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Pinchofmagic

The Monogram Scene

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I recently started a new story, and I remembered this advice from WritersWrite's article: 3 Must-Have Scenes That Reveal Character

 

1. The monogram scene

 

In elegant days gone by, characters would emerge from the bathroom or boudoir wearing a monogrammed robe – it was usually white or a rich velvet affair.

In much the same way, you have to give your main characters a scene or two that ‘marks’ them as individuals – interesting characters we may want to follow in the story as readers. These scenes must show who that character is at their very essence.

It helps if you can find a brief description or key words that ‘nail’ that character. For example, my antagonist, Monty could be described as rich, entitled, and narcissistic. OK, great – how do you show that in a scene?

For this scene, I have Monty flash his credit card to pay for drinks at a downtown club, only to have it declined, which sends him into an abusive rage with the waiter. He points out that the shoes he’s got on cost more than the waiter’s monthly salary. Hopefully, it shows him for what he is – a rich kid who likes to get his own way.

 

Do you have a monogram scene for your main character(s) that quickly reveal the most important thing about them, their essence, to the reader? If you were to write one, how would it play out (using the short example in the article)? 

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Hm. I don't know if this is quite what you mean, but my character, Ivar, kind of has one or two scenes where this happens in my novel? Basically, I have a scene where he admits, through his thoughts, that he's a spy and a traitor, and he goes and reports to the queen that he's been spying for. There's more to it than that, but that's the gist of it. Is that kind of what you mean? Where it's like...the one "oooh snap!" kind of moment that shows who a character truly is?

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I think this has some similarity to the "opening image" in some forms of story structure (Save the Cat IIRC?)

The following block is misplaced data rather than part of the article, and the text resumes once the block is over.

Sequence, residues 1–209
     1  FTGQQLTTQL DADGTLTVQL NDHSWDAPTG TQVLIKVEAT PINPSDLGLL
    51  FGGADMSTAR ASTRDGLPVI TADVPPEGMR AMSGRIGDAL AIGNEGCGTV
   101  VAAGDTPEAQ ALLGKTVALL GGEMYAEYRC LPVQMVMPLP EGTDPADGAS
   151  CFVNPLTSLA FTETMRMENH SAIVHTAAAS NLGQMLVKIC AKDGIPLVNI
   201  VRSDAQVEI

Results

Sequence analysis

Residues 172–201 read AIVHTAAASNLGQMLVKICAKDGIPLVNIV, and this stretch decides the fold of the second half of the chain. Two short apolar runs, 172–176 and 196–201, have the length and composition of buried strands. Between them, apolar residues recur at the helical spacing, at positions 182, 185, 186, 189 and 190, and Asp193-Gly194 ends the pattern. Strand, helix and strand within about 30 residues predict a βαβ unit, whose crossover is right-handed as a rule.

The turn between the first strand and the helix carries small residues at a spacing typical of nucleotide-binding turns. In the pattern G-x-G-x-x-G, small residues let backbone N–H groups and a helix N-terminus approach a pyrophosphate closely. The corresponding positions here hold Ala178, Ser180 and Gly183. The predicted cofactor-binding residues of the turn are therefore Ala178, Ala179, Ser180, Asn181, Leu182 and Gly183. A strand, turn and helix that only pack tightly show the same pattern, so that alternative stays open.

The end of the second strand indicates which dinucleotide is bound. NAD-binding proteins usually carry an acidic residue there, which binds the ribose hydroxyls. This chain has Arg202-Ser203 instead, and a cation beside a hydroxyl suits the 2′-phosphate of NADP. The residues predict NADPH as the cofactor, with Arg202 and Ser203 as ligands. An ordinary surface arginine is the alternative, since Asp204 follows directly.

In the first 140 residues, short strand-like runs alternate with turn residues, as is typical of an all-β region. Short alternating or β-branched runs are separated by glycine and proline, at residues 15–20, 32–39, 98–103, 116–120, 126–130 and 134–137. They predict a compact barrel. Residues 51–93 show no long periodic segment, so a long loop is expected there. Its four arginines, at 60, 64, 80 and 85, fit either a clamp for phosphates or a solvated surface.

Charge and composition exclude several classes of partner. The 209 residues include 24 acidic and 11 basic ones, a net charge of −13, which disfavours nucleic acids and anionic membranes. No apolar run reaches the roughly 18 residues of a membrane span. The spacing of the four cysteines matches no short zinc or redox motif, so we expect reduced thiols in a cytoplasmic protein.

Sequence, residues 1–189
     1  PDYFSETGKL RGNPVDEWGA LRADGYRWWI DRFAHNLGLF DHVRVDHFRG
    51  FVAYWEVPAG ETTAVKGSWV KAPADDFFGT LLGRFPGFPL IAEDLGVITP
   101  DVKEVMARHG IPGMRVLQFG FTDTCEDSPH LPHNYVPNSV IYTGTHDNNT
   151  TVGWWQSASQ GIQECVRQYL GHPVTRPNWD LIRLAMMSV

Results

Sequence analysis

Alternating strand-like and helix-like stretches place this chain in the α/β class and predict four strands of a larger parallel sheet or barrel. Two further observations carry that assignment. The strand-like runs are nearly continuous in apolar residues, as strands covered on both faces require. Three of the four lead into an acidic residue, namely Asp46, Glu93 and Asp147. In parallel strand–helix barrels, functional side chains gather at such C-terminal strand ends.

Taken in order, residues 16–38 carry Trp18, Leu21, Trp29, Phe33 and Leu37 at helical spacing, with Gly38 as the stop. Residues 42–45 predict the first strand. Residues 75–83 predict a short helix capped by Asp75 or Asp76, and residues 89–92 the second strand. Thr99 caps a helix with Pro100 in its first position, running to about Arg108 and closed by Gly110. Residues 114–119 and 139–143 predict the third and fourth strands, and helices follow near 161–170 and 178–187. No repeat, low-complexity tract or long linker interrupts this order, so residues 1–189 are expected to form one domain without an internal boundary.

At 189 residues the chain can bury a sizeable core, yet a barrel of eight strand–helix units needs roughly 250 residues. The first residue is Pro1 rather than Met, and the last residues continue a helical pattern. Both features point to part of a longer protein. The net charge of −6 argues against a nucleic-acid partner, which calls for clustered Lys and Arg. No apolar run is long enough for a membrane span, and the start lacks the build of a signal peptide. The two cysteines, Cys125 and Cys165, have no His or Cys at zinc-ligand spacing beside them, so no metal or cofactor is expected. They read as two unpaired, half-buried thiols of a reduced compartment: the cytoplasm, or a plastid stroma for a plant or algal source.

I think about it in terms of... firstly I have an idea that I think is fun and a character I care about, but underlying that in the background is: what does the reader need to know about who this character is and what their motivations are, and why should the reader care. I don't set out in a stilted or manipulative way to "make people want to read it" but those questions sort of underlie it as part of the scene, if that makes sense?

So, in my current rough draft: I have the boy hero, Roland, treating the villagers around him with disdain, but also being crushed when he misses the apprenticeships, and seeking the guidance of old man Nicodemus for what to do next. There are also a few hints thrown into that first scene about how it's all being orchestrated around him. All of this to show his immaturity and selfishness, but also his vulnerability. (Like, he's sixteen, guys.)

 

Quote

“I’m busy,” Roland snapped, elbowing past. He scowled at all their smiling faces and the windowsills lined with potted flowers and the cheerful peasants in their clean linens. A bunch of girls giggled as he passed.

None of them understand, Roland thought. He didn’t think a lot, but when he did, they were deep and serious thoughts. They’re all fools, living in peace. They know nothing of the real world.

 

Another example: In Percy's opening scene, he's one of two guards outside the Dark Tower. It's his first day on the job and he's explaining to the other guard why he failed at past jobs (asking too many questions, etc). Then he shares some biscuits. I'm using this to show the contrast/conflict between his appearance and the expectations for him vs what he's actually like. Also establishing the fact that he's a decent guy but lacks confidence. The fact that it's raining and they're stuck on a lousy shift is also a way to create relatability.

Quote

“Then Dad sent me to work as a tax collector for the city watch. But I sort of... didn’t follow protocol.”

“Taking a little cream off the top, eh?” Ron nudged him with a sly grin. “That’s my boy.”

“No, no!” said Percy, sounding horrified. “I was just trying to help Mrs Davis!”

A deep frown was developing on Ron’s face as his cigarette dangled between his fingers, almost forgotten about.

“...what?”

“Ugh, it was horrible, they were trying to bother all of these poor people who couldn’t even pay the bloody taxes anyway, not with their pittance of a wage, and they were trying to threaten Mrs Davis, and after her husband died, she only has her cat, and well, I just thought, why not help her out, you know? Why not give her a bit extra from my purse so she can get by?”